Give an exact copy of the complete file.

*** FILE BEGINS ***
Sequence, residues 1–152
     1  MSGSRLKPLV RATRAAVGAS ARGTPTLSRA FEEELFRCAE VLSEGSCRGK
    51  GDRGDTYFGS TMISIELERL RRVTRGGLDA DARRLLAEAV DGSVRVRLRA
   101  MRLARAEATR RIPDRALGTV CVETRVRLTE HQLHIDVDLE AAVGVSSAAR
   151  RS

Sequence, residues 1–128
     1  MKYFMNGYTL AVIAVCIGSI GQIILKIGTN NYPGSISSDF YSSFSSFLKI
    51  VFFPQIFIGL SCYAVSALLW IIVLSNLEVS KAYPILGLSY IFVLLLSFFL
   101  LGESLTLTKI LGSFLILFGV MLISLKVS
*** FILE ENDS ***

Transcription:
Sequence, residues 1–152
     1  MSGSRLKPLV RATRAAVGAS ARGTPTLSRA FEEELFRCAE VLSEGSCRGK
    51  GDRGDTYFGS TMISIELERL RRVTRGGLDA DARRLLAEAV DGSVRVRLRA
   101  MRLARAEATR RIPDRALGTV CVETRVRLTE HQLHIDVDLE AAVGVSSAAR
   151  RS

Sequence, residues 1–128
     1  MKYFMNGYTL AVIAVCIGSI GQIILKIGTN NYPGSISSDF YSSFSSFLKI
    51  VFFPQIFIGL SCYAVSALLW IIVLSNLEVS KAYPILGLSY IFVLLLSFFL
   101  LGESLTLTKI LGSFLILFGV MLISLKVS